A monumental event in the history of animation and cinema occurred on December 21, 1937, when Disney’s first full-length animated feature, Snow White and the Seven Dwarfs, made its grand premiere at Carthay Circle Theatre in Los Angeles. Three weeks later it debuted in New York City on this day January 13, 1938. The premiere was held at the illustrious Radio City Music Hall, marking a significant milestone not only for Disney but also for the entire film industry.
The following day, The New York Times reported: “Sheer fantasy, delightful, gay and altogether captivating, touched the screen yesterday when Walt Disney’s long-awaited feature-length cartoon of the Grimm fairy tale, Snow White and the Seven Dwarfs, had its local premiere at the Radio City Music Hall.”
The production of Snow White was a daring endeavor for Walt Disney. Prior to its release, most people were skeptical about the idea of a feature-length animated film. Critics referred to it as “Disney’s Folly”. However, Disney’s vision and faith in Snow White paid off handsomely. The film was a tremendous success, both critically and commercially.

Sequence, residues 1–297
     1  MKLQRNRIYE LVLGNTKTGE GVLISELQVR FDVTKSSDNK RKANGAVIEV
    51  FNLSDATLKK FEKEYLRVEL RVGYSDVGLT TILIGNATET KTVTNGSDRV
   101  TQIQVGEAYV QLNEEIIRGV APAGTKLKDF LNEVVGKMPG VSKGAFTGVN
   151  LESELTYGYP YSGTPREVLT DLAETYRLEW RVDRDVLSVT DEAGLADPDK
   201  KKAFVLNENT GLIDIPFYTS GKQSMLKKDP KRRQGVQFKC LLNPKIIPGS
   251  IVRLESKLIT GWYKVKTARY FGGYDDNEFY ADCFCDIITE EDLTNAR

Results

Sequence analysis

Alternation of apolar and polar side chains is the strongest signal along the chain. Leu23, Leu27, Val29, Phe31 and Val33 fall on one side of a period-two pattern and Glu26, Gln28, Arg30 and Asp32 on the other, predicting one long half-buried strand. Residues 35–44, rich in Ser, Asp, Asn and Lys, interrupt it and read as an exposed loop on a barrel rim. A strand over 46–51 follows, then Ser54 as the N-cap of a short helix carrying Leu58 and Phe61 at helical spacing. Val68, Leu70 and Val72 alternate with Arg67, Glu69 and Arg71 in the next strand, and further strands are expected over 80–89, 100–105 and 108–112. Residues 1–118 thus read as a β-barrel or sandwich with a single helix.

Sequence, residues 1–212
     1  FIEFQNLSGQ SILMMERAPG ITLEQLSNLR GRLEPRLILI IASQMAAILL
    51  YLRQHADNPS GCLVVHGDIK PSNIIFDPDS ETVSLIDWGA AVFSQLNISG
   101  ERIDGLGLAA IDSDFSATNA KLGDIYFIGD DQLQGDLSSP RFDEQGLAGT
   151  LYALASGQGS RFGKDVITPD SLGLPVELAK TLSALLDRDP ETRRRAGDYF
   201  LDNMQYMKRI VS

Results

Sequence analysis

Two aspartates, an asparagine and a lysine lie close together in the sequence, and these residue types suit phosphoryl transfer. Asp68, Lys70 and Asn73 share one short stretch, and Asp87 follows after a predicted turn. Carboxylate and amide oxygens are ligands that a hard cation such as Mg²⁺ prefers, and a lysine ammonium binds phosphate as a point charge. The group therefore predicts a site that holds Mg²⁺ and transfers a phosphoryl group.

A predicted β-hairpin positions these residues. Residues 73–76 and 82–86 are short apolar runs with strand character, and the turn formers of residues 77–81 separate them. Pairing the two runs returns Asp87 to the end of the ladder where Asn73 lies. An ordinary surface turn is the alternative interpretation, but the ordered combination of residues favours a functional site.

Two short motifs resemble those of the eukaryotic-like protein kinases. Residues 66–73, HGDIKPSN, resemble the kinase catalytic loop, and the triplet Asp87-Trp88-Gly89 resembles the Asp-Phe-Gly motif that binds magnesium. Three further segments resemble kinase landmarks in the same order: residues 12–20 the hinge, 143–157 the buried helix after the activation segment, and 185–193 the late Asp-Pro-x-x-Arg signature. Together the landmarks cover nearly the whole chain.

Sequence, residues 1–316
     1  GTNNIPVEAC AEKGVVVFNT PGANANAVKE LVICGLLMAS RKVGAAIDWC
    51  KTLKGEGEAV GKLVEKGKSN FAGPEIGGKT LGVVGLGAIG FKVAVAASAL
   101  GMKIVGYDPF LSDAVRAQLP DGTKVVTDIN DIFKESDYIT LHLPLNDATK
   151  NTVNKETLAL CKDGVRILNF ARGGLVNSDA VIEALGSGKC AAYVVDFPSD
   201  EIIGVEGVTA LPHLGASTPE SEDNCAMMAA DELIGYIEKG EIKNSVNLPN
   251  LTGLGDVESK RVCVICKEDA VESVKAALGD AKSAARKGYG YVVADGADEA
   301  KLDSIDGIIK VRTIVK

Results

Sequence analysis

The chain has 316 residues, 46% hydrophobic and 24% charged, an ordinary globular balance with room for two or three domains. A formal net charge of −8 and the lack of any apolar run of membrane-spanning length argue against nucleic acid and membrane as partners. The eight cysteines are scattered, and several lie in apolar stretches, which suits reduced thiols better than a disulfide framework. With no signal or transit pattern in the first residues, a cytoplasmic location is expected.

The premiere of Snow White was an event of grandeur. Distinguished guests from the world of arts, politics, and society were in attendance to witness this historic moment. The film’s groundbreaking animation techniques, coupled with its enchanting story and music, captivated audiences. Snow White was given a standing ovation at the end of the screening – a testament to its triumph.
Snow White‘s premiere in NYC in 1938 was more than just a movie release; it represented a paradigm shift in cinema. It demonstrated that animation could be used to tell complex narratives that could engage adults as well as children. It set the standard for all animated films that followed and paved the way for Disney’s dominance in the animation industry.
Following its premiere, Snow White went on to achieve remarkable feats. It was the highest-grossing film of 1938 and held onto this record until it was surpassed by Gone with the Wind in 1939. Furthermore, it received an honorary Academy Award for its significant innovation in cinema. Today, over eight decades later, Snow White continues to be one of Disney’s most beloved classics, its charm undimmed by time.
Curated by Jennifer